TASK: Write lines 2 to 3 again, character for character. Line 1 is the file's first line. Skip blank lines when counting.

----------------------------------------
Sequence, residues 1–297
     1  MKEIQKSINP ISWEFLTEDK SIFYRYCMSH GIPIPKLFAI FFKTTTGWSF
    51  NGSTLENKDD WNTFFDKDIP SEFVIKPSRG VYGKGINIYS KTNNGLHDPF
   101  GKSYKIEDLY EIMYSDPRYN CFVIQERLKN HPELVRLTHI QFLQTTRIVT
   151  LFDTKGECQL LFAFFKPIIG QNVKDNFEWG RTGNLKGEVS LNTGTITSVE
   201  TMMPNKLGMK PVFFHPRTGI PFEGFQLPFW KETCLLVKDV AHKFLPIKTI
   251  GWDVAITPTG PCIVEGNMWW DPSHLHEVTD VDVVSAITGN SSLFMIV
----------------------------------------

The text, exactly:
     1  MKEIQKSINP ISWEFLTEDK SIFYRYCMSH GIPIPKLFAI FFKTTTGWSF
    51  NGSTLENKDD WNTFFDKDIP SEFVIKPSRG VYGKGINIYS KTNNGLHDPF